Yes. He doesn’t go to see that. He goes to see “Ouija” because I think he likes horror films for their subversiveness, probably. He wants to be entertained. He’s intelligent enough to love the horror movies as a sort of liberating experience, but then he meets Jonathan and the experience becomes even more complex for him.
I was surprised that Jonathan didn’t come back in the last episode for one final conversation with Fraser. In fact, we never really find out exactly what Jonathan thought of Fraser or what their relationship truly meant.
I believe that Fraser, in a way, is the person who is behaving in the most mature way in that relationship. I like the idea that Fraser is the one who has to be responsible for both, but that is a sort of painful process for him. It opens for him all sorts of pain that comes from this mirage of a relationship with an older man that, in a way, mirrors his need of a father. I guess that Fraser’s reaction to Jonathan and confusion of his relationship with Jonathan is something that deals with his, in a way, confusion as a boy, as an adolescent, that he’s missing his father figure that has been deliberately subtracted for him. So we just can read a few pages of Freud to learn that the father-son relationship also unconsciously triggers very complex identity questions. I think that Fraser is the most responsible of the two between him and Jonathan.
Because Jonathan was not well-tuned to what Fraser was looking for in him? Or to what Fraser needed from an older man who should have been more careful of his well-being?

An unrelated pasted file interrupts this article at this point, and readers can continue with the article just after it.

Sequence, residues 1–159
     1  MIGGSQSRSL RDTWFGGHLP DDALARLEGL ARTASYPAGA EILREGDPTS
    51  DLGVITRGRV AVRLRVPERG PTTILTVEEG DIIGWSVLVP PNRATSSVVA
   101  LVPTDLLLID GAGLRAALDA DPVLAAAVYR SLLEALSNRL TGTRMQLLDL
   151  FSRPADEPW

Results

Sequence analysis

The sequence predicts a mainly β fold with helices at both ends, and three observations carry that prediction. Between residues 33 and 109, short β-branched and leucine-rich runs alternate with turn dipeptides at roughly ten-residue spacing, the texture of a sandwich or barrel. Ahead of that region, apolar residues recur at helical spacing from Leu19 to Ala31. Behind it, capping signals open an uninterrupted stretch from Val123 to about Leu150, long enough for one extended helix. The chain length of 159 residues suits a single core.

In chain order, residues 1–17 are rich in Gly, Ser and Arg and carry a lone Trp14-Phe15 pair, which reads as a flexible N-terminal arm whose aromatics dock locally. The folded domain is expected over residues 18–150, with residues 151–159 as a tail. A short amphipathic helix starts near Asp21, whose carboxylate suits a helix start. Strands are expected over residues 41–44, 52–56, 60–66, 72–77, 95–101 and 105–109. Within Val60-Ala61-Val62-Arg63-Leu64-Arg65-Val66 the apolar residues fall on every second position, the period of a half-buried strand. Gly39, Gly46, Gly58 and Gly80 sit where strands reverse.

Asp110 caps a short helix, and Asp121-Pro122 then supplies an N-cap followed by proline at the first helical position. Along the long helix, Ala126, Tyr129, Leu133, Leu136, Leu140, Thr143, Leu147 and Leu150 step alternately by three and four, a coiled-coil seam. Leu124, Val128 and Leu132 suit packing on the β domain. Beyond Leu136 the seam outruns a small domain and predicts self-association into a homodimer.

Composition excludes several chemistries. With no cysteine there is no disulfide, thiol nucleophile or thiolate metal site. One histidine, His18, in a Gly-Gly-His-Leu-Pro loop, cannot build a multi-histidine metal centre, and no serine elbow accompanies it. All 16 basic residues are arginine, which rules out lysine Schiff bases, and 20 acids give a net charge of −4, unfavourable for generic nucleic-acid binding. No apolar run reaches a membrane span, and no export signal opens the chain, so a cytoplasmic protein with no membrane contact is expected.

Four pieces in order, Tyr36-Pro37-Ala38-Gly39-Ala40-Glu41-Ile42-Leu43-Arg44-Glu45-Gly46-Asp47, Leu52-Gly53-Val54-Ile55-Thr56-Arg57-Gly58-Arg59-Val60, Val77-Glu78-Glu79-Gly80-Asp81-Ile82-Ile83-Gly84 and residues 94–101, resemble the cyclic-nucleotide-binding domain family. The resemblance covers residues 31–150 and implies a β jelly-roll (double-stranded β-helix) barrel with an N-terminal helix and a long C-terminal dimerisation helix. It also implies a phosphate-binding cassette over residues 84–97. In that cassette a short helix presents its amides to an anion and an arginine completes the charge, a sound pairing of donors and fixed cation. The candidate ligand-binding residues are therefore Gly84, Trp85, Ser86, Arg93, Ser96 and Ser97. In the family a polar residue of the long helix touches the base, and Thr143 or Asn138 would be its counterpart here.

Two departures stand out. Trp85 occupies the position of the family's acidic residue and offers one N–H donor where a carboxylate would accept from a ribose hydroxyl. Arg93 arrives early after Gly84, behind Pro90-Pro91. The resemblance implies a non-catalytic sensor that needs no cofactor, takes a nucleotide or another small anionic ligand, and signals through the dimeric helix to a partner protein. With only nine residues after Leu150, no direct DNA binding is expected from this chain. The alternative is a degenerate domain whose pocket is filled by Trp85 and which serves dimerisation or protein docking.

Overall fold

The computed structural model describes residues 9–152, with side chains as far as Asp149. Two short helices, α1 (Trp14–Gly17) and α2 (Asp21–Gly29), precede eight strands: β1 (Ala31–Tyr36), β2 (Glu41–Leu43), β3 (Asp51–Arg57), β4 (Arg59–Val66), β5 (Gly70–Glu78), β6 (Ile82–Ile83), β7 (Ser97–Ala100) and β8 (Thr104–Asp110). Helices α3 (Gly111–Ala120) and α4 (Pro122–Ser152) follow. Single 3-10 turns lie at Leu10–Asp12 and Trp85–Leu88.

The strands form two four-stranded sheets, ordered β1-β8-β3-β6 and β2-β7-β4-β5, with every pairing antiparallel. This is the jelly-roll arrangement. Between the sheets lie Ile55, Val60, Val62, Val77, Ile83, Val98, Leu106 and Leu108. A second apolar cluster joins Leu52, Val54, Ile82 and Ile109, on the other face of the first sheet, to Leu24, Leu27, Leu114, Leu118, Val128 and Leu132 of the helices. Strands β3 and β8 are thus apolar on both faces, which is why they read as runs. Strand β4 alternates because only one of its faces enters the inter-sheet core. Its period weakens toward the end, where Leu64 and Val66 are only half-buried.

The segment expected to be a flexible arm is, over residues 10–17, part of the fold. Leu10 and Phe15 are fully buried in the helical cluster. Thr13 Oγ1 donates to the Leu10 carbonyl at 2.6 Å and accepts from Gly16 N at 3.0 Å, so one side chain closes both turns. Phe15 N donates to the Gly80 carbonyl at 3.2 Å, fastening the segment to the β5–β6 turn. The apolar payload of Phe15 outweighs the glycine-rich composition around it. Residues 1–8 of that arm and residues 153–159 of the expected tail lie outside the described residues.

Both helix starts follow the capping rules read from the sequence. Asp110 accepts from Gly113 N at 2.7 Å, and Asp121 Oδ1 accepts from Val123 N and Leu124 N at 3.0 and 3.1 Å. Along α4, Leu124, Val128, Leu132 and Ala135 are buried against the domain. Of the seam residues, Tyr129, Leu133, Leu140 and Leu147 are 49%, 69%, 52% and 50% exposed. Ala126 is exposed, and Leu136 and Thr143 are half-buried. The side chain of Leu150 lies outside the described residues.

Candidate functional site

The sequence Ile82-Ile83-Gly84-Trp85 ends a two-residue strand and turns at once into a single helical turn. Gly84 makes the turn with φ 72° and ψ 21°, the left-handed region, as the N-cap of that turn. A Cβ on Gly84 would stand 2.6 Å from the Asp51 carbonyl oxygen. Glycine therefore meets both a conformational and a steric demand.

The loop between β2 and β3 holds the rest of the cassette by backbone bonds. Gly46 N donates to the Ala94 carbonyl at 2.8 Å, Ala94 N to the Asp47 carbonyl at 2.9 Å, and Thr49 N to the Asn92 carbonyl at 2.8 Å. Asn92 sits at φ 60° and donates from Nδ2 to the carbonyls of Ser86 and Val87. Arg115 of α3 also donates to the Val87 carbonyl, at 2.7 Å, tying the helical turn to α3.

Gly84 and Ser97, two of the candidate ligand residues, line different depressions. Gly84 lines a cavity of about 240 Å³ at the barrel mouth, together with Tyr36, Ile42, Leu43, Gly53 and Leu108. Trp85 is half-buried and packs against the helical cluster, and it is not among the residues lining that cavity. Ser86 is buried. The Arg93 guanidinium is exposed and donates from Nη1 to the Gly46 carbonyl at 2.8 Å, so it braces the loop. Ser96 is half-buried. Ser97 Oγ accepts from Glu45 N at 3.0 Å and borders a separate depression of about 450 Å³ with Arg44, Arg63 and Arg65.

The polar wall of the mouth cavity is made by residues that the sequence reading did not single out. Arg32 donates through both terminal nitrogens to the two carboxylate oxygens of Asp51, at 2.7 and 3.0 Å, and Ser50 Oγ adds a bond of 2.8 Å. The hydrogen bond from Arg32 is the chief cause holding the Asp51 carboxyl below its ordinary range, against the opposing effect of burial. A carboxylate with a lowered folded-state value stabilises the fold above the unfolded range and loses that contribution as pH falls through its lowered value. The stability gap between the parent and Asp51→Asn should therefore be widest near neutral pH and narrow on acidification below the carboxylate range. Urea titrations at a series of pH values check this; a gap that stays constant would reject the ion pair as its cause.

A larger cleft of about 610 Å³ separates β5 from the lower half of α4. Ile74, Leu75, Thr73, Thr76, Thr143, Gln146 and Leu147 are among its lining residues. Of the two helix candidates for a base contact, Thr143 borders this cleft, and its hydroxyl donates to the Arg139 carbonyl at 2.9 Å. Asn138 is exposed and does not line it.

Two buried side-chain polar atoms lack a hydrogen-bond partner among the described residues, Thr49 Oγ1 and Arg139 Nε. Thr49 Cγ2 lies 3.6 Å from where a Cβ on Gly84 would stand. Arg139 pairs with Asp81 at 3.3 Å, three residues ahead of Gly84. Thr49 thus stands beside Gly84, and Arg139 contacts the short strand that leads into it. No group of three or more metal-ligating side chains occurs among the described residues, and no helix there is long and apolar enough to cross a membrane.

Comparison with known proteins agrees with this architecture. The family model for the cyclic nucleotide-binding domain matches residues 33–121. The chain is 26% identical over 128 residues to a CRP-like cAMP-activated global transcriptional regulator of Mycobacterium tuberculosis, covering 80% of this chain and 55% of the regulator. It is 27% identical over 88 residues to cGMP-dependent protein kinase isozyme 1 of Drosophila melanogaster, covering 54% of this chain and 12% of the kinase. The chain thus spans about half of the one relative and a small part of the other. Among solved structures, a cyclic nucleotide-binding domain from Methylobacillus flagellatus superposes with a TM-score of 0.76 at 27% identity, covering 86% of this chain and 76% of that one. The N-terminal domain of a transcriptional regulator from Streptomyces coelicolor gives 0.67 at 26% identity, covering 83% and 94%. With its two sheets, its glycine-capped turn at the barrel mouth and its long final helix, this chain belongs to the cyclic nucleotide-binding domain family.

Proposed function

I am not someone who should judge these characters by making a show, but I would expect that a person like Jonathan that I know in reality [would make] the right decision to truck his young friend toward the direction of understanding what is possible and what is not possible. There is life, but in filmmaking, we need to ask ourselves all the very disturbing potential questions that are arising in a given circumstance, despite the social media mob.
A theme that becomes more apparent in the back half of the season is teenagers growing up close to war and the specter of violence. Their revelry and debauchery often seem like a contrast to the harsh reality of where they live, especially once Craig goes off to Afghanistan. What did you set out to say about modern kids experiencing adolescence with war constantly hovering in the background?
On the one hand, that’s something that we have to deal with every day of our life. I remember I was 20 or 19 when George Bush Sr. struck against Iraq to defend Kuwait. I was Fraser during the Cold War. We had a constant, constant feeling of dread coming from the tension between the USSR and the U.S. Then there was the first Iraq War, and people like Jonathan Demme explained to us what this sense of invisible forces attacking in the night meant with this X-ray image in “The Silence of the Lambs.”
What I’m trying to say is that we are infused in the, let’s say, sense of violence that is coming from the politics of attack and war, but even more so, people are living in a military base and being part of the military world. So for me, you have this show that now is a middle point in America where we follow the path of the heart, the path of the body, the idyllic mindlessness of summer, and yet fall and winter are to come.
What did Caitlin and Fraser’s kiss at the end symbolize to you?